- Family Dinners. With all the kids stuck at home and less socially active than in normal times, we’ve reinstituted family dinner. I cook most of the time right now, but we’ve been working on a tradition of setting the dining room table on Sunday evenings and anyone who is home and awake is expected to be there. This will continue, and while it’s possible that 2021 will be better than we think and one or two of my kids might relocate for academic reasons because they can’t do what they’re doing virtually anymore, we’ll keep this up as long as we can.
- Photos. This will be hard. My kids don’t like having their pictures taken. I remember being like that, too. It will be what it will be, but there will be photos.
- Pet Pics. These will be a lot easier. Even just counting furry things, there are six pets in the house. Add in scaly things and chitinous things, and we’re seriously outnumbered. There will probably be a lot more than fifty photos. There generally are.
- Activities. Game nights, trail walks, movie night, whatever. Things with family just because.
As much as they’ll let me, I’ll continue to enjoy the presence of my children at home for as long as they’re here. There won’t be any pressure to visit once they’ve left but I want to make sure they know they’re always welcome, and the best way to show that is to be around when they need or want me to be and to remind them as often as I can that I like having them around.
- Random Acts of Kindness. I feel like this is one is fairly self-explanatory, although there are a lot of things that might qualify here.
- Support Independent Projects. Cash is limited, and only getting more so with the path I’m walking right now, but the indie route is the right one for a lot of folks, and there are definitely things I come across I’d like to be a tiny part of or help in a small way. Sometimes this will be a crowd funding project or a Patreon contribution. Sometimes it will be a boost to the size and shape of the launch. It will depend a lot on what I’m capable of at the time.
- Books into the wild. I’ve talked about building a Little Lending Library for several years. This isn’t that, although it might wind up being part of it. This is a book left somewhere for a random stranger to find and hopefully read.
- Political Letters. As I get more focused on the craziness of the politics going on in Canada and around the world, I feel the need to speak up more. Often, the best way to do this is a note directly to the politicians involved. I’ve had mixed results with this in the past, but perhaps I haven’t pushed myself hard enough.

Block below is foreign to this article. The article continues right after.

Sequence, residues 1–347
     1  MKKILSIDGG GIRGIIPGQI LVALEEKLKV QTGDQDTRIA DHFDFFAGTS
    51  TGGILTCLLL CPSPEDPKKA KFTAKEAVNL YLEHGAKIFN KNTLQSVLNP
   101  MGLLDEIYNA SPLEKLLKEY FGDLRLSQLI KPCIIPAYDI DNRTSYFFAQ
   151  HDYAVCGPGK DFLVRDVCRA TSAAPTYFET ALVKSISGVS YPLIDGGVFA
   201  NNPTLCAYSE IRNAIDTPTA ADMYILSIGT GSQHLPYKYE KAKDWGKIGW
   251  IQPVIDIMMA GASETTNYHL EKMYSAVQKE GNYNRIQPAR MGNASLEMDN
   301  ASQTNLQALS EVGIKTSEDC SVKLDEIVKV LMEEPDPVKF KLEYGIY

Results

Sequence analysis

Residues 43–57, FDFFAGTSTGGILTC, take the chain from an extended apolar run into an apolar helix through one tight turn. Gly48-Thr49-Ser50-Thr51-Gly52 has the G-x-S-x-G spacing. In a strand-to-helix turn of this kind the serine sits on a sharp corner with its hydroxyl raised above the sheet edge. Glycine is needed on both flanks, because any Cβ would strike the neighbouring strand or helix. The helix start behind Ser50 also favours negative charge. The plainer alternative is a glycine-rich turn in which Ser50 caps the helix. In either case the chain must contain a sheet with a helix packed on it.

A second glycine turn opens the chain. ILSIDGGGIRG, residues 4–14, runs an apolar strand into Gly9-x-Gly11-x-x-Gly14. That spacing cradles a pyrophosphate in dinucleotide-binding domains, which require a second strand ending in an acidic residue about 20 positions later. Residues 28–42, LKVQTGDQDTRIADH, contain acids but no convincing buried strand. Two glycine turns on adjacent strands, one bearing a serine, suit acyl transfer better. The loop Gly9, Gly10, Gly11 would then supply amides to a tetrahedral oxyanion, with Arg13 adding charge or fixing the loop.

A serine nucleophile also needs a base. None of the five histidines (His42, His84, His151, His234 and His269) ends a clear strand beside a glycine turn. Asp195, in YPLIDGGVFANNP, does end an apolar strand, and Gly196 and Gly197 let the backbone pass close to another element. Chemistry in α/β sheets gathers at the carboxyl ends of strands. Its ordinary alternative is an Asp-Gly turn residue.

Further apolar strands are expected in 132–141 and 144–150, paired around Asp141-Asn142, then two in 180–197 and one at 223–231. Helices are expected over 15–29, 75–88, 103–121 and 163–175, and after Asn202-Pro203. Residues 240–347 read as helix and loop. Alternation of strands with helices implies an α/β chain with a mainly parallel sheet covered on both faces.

- Hours of Volunteer Work. In a still-pandemic world, this might be a little harder than it might have been otherwise, but I want to expand what I’ve been doing here. Which, honestly, isn’t much in the last couple of years. And I need to figure out what it’s going to be.
There’s a wider world than just what’s in front of my face and the people I care about live in it. That sort of puts an obligation on me to try to make my little corner of things, and as big a corner as I can manage, better than it is.
- Plant Trees. This seems easy, something I could do in a single afternoon if I were persistent. While there really isn’t space on our property for even one more tree to be healthy and thrive (in the last couple of years, I’ve actually had to remove a number of dying ones planted too close together by the previous owners), there are ways and there are ways.
- Hike trails. Meaning 50 different trails. Or maybe at least 50 kilometres of trails. I don’t know. Either should be doable, I think.
- ID Animals. What kind of snake was that? What’s that bug? Have I seen that yellow bird before? Let’s figure it out.
- Names of Stars. Before kids, and still when they were small, I was a lot more into stargazing than I am now. While I don’t think I’ll ever get back to the point where I’m hauling the telescope into the yard on every clear night, I do still recognize most of the constellations. This year I’d like to take that a little step further. What are some of the stars I can see? Fifty of them.